On most Sundays, I publish the Sunday Lesson. They’re nothing more than an observation or an idea or a study I’m working on that has useful applications. I feel deeply blessed and deeply responsible to write this. I schedule the posts to publish at 1:35. If you miss one, let me know and I will email it to you. You can also sign up for notifications and will get an email anytime I post something. I’m up for all comments and try to respond to them all. Be forewarned that I reserve Sundays for my family. It’s a work in progress, but a goal we’re all growing into. So, if I don’t respond, I’m probably playing chess with my daughter or watching lousy TV with my wife. On an outstanding day, I might catch a couple innings of Braves baseball. With my wife, of course. It’s Sunday.


Spring arrived, and it was hot, just after the harvest. We tramped from town to town, covered with and smelling the dust raised by the destitute crowd who followed Jesus everywhere.

It was the Sabbath, and we were in the Synagogue, by ourselves, keeping away from the leaders who searched for ways to taunt us or catch Jesus in blasphemy. A man spoke with Jesus about donkeys and sheep, and when he walked away, Jesus fingered the dirt, silent. Finally, He spoke.

“You there?” He said, nodding toward another man. “Yes. You,” He laughed. “Come and stand here.”

The man was sitting, and with his right arm withered, he rolled onto that side to rise with his left arm. He struggled to his feet and came near. Their eyes met, and Jesus nodded a greeting.

“My son,” Jesus said, “you are well?”

Nodding again and glancing at the Pharisees, the man seemed loathe to speak. One of the Synagogue officials called out to them. “Jesus,” he said, loud enough for everyone to hear. “Is it permitted to cure on the Sabbath?”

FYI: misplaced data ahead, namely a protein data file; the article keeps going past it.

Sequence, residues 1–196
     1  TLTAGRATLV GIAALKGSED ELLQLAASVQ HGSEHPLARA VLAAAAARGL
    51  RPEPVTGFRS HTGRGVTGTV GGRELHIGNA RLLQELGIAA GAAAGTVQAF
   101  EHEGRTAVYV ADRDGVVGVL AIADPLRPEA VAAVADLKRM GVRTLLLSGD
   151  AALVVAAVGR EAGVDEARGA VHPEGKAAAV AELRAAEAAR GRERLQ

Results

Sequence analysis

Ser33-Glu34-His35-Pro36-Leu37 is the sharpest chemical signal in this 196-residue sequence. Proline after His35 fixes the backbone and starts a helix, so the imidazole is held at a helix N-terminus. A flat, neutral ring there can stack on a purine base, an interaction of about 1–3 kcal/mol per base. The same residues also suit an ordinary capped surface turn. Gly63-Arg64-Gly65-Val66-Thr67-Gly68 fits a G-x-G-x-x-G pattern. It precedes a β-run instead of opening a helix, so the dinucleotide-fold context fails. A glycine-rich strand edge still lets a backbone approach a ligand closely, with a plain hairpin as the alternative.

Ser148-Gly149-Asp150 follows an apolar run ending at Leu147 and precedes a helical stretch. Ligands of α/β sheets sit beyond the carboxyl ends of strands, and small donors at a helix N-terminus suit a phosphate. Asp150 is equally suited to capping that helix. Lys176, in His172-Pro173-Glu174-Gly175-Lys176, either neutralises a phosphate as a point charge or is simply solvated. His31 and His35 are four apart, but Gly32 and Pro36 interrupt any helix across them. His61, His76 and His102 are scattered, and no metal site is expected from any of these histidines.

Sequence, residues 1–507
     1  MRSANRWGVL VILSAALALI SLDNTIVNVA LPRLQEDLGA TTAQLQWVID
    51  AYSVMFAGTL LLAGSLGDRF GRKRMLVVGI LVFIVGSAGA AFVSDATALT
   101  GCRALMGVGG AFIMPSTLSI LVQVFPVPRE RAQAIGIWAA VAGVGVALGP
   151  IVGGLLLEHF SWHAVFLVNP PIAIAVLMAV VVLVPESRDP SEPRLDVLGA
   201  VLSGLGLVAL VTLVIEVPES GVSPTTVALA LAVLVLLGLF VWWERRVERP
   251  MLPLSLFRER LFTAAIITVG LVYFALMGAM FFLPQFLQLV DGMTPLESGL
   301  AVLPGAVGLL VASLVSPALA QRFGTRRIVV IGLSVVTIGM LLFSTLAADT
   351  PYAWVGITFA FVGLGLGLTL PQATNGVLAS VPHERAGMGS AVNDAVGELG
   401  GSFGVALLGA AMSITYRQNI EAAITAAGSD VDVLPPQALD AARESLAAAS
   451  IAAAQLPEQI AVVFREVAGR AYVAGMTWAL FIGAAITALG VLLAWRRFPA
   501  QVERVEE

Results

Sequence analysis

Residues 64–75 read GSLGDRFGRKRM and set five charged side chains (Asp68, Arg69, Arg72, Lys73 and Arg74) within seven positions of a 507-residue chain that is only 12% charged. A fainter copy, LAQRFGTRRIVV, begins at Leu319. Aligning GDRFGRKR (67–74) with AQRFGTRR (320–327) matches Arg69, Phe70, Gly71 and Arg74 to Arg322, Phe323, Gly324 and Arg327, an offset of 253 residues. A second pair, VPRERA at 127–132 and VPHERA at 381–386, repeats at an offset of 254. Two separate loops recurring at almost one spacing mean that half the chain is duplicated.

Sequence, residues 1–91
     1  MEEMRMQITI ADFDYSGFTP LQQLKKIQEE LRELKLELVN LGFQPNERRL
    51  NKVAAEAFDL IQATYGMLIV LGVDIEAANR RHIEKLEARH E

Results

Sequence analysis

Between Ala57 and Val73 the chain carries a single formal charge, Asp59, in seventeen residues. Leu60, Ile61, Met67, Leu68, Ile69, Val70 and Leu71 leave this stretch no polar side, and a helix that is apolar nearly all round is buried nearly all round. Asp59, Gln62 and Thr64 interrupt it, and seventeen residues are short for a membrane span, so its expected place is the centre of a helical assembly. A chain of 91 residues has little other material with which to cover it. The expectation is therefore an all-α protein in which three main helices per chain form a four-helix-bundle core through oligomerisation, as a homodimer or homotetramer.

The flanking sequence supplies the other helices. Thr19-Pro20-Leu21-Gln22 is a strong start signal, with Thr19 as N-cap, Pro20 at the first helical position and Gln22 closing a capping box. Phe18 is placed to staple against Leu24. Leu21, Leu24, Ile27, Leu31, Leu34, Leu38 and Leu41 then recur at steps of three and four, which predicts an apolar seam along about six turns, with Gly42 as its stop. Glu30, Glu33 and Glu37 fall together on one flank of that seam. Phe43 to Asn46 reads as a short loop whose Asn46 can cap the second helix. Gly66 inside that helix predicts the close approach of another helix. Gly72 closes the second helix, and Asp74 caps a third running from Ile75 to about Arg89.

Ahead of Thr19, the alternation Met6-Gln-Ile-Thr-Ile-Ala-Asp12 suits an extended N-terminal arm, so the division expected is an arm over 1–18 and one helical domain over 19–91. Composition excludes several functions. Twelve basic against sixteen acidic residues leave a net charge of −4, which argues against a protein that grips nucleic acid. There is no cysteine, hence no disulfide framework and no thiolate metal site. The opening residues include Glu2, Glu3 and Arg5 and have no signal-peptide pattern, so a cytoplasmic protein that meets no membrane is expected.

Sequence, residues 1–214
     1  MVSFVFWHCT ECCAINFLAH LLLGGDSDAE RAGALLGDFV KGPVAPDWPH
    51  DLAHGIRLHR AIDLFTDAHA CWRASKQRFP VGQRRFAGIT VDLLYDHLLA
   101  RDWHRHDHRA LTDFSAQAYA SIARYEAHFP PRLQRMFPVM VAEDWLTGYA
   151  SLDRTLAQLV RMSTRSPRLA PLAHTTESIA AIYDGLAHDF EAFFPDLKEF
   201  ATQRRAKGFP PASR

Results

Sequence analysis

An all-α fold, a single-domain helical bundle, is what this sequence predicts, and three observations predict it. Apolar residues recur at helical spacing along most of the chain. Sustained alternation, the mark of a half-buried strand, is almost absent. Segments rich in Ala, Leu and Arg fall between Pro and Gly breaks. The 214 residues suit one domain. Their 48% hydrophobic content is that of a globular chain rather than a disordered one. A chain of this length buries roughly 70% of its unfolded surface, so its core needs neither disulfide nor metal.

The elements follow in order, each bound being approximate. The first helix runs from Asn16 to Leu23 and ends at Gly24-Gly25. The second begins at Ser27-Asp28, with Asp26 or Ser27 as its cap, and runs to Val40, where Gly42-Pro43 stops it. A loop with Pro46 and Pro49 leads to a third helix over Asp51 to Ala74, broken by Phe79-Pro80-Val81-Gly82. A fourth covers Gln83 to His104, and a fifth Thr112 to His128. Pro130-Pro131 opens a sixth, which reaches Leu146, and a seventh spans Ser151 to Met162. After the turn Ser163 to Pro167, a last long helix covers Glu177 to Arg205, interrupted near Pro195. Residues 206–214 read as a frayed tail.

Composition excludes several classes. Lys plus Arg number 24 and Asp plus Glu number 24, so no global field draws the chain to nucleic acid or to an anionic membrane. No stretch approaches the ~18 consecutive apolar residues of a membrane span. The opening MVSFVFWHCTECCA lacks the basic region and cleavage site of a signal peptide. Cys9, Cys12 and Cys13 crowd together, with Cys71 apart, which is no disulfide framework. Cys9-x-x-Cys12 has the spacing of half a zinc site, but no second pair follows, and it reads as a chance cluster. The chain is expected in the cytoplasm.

Jesus knew the hearts of these Pharisees, that a smile was a coat that hides a dagger, and looked again at the man in front of him. He chuckled to Himself and looked at the gathered leaders. “I have a question for you, too, brothers. You are leaders in understanding the Law?” He raised his hands, looking for agreement, and went on: “If any of you has a sheep that falls into a hole on the Sabbath, wouldn’t you figure out a way to get it out? Grab hold of a leg and tug? In fact,” he shrugged his shoulders for emphasis, “if you see your brother’s sheep or ox fall over on the Sabbath, doesn’t the Law say that you can’t disregard it, but have to help lift it?” Silence. “Brothers, I ask you,” and He pointed to the man standing between them, “is not a man, made in the image of G, worth more than an entire pasture of sheep? Doesn’t it follow that it must be permitted to do good on the Sabbath?”

He turned to the man standing near. “Son, stretch out your arm.”

He did so, and confusion enveloped him. Looking at Jesus, and then at the Pharisees, he stretched his fingers out and curled them back in again. Bewildered, he looked at Jesus. “It’s healed. Master. It’s healed.“

One of the Pharisees laughed and shouted. “You can wiggle your fingers? And wave your hand? Good for you. There’s healing!” The group laughed now, taunting.

“No,” said the man, finding his voice. “It’s healed. Here, watch me.” He walked over to a stack of stones. He bent over and grabbed one, and turned to the men watching.

“Good for you,” said the Pharisee. “You can pick up a rock.”

Jesus raised His finger. “I think there’s more…”